We Don’t Know What We’re Doing is the debut short story collection by Thomas Morris. First published in 2015, it was chosen by one of my favourite authors, Ali Smith, as one of her books of the year. She writes that this collection is ‘Heart-hurtingly acute, laugh-out-loud funny, and not just a book of the year for me but one of the most satisfying collections I’ve read for years.’ Colm Toibin deems it ‘really impressive and memorable’, and it has also been highly praised by a number of publications; the Observer, for instance, calls it ‘brilliantly judged… a quiet masterstroke.’ For me, the collection ticked so many boxes, and as I particularly enjoy discovering new-to-me short story authors, I snapped up a copy as soon as I saw one in a branch of Fopp.
Set in the ‘sleepy castle town’ of Caerphilly in southern Wales, this collection of ten stories ‘offers vivid and moving glimpses into the lives of some of its inhabitants – the lost, lonely and bemused.’ Each protagonist is troubled in some way. One of the protagonists in the opening story, ‘Bolt’ calls Caerphilly a ‘paradox’, in that ‘it only looks nice when you’re away from it.’ I have read rather a lot of fiction set in Wales, but this collection felt a little different, in that it is based around a town, rather than taking place in a purely rural setting. I found it most interesting to read something more urban in character, the town used as it is as a focal point which connects its disparate inhabitants. Caerphilly is referenced many times throughout the stories; it is a presence always there, and always discernible.
Each of the stories in We Don’t Know What We’re Doing offer up tiny, realistic slices of life. There are characters here going through complicated breakups, suffering at work, trying to come to terms with grief, or in less than perfect relationships. Morris focuses upon the minutiae of life, and those things which have the power to change someone, sometimes irrevocably. His prose and plotlines are sometimes startling relatable. In ‘Castle View’, for instance, Morris describes the sleeplessness of his main character: ‘It’s been four months now since he started at the school, and he hasn’t been sleeping well. He dreams of losing teeth and being chased, and in the mornings he’s disappointed by the obviousness of these dreams. In the night, his wife talks in her sleep. There are times when he wakes to hear her speaking a kind of Russian-sounding language. For a while he tried to stay awake when it happened. He thought she might disclose something important. Another man’s name, perhaps. But no, just more gibberish. Where do they come from, he thinks, all these chains of nonsense?’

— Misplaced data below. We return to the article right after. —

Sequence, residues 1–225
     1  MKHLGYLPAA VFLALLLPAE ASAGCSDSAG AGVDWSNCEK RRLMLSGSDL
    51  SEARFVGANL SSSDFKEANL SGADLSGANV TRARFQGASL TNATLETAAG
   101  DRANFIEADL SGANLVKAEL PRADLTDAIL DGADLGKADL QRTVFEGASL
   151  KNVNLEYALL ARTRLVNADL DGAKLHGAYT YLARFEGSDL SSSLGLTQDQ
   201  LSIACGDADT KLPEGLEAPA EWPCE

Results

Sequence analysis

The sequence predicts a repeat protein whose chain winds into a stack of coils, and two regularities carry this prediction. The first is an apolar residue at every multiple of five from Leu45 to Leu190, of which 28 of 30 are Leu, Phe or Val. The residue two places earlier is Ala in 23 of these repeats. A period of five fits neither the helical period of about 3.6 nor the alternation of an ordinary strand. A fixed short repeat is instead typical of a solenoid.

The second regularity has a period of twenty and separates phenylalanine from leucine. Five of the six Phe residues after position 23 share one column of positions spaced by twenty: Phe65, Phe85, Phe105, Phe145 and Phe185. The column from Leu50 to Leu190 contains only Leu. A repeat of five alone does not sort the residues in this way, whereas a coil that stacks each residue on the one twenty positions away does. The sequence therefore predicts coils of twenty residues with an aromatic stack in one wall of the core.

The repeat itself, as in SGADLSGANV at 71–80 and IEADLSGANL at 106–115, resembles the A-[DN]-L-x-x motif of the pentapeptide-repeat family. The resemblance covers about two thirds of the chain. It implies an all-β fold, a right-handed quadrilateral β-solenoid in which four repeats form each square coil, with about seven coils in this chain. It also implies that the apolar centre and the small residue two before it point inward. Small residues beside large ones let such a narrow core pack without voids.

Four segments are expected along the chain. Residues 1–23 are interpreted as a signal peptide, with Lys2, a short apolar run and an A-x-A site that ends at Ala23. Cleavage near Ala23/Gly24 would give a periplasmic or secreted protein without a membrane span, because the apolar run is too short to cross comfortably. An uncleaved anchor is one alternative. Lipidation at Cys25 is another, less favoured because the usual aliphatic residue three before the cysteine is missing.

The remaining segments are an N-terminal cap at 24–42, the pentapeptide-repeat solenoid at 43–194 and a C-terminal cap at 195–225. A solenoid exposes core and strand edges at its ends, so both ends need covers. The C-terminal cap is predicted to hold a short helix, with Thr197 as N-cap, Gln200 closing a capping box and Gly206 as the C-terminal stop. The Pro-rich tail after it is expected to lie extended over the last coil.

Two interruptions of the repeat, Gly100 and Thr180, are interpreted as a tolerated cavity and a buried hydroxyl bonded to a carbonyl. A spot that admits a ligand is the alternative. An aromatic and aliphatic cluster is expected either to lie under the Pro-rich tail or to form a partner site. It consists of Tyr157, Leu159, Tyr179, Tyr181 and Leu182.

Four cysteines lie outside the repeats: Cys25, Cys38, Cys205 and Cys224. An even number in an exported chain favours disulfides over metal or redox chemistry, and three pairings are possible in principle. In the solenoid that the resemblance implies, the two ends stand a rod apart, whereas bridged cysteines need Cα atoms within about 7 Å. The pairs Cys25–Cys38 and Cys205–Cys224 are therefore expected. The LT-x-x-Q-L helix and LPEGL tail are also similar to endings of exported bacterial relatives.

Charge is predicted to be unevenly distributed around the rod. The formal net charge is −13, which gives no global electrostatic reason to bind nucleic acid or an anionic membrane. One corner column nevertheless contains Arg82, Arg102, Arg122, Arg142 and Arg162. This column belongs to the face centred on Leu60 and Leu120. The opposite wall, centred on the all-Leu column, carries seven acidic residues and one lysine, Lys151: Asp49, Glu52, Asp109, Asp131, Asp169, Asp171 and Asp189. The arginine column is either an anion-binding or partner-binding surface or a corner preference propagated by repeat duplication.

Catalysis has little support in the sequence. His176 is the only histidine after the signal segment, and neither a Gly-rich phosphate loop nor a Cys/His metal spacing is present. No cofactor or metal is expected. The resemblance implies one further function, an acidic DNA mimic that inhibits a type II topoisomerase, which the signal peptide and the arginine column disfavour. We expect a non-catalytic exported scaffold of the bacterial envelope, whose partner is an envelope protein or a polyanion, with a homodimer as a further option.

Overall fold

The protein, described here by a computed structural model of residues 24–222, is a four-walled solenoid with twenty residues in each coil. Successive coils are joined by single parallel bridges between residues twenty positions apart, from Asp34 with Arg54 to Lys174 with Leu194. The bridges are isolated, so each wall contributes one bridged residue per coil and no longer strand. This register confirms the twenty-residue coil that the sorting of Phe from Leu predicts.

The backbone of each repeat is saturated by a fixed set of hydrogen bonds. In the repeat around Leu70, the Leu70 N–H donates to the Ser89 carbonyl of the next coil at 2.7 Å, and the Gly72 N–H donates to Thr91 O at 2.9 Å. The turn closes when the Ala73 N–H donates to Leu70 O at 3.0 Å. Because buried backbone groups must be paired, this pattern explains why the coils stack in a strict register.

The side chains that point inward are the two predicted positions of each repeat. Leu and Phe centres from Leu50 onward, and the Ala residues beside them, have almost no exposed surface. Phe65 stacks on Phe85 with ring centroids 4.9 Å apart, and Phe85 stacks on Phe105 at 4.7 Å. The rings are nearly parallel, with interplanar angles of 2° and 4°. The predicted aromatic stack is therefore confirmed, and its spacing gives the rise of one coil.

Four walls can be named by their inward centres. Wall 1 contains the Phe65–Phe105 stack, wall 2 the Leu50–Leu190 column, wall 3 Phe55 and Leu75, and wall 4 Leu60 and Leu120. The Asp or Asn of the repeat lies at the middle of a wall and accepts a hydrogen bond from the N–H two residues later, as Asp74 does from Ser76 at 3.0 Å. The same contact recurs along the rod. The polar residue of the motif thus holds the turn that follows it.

Much sadness and despair penetrates both the town and its inhabitants; even the characters of comparative privilege here are suffering in some way. Throughout, Morris is revealing of his intriguing cast of characters, and often of the way in which their surroundings impact upon them. Many of them have a lot going on in their lives, and act contrary to societal expectations. Some of Morris’ protagonists are likeable, others not so much, but each can be believed and understood.
Throughout, I really admired Morris’ writing, particular with regard to the way in which he uses similes. In ‘Bolt’, a group of young girls teeter past on ‘heels the size of Coke cans’, and in ‘Fugue’, ‘side-on, your father’s eyes seem like two swollen capital Ds – glassy and unreal.’ He knows instinctively the number of details to reveal about a character or scene, and I was intrigued throughout by these tightly plotted tales. There are dark edges to every single one of the stories; these range from a secret and suppressed memories, to the dislocation one might feel when coming back to their childhood home after time away.
I admired the use of different narrative perspectives used throughout the collection, and found the variety here engaging. One of the stories, ‘Fugue’, is told using the second person perspective, and begins as follows: ‘On the way back from Cardiff, your father asks questions about Edinburgh and Tim. You answer vaguely, and look out the window as the landmarks of approaching home draw near. You haven’t been back in a year, and you’d forgotten that these places… even exist.’
We Don’t Know What We’re Doing is a transporting and assured debut collection. Morris already has a strong authorial voice, and it seems as though he effortlessly brings each one of his characters, many of which are unnamed, to life. We Don’t Know What We’re Doing is the first work by a promising voice in fiction; it is an impressive collection, which reads like the work of a seasoned author. The collection is a cohesive one, in which several characters cleverly slip in and out of other stories. I for one am very much looking forward to Morris’ future publications.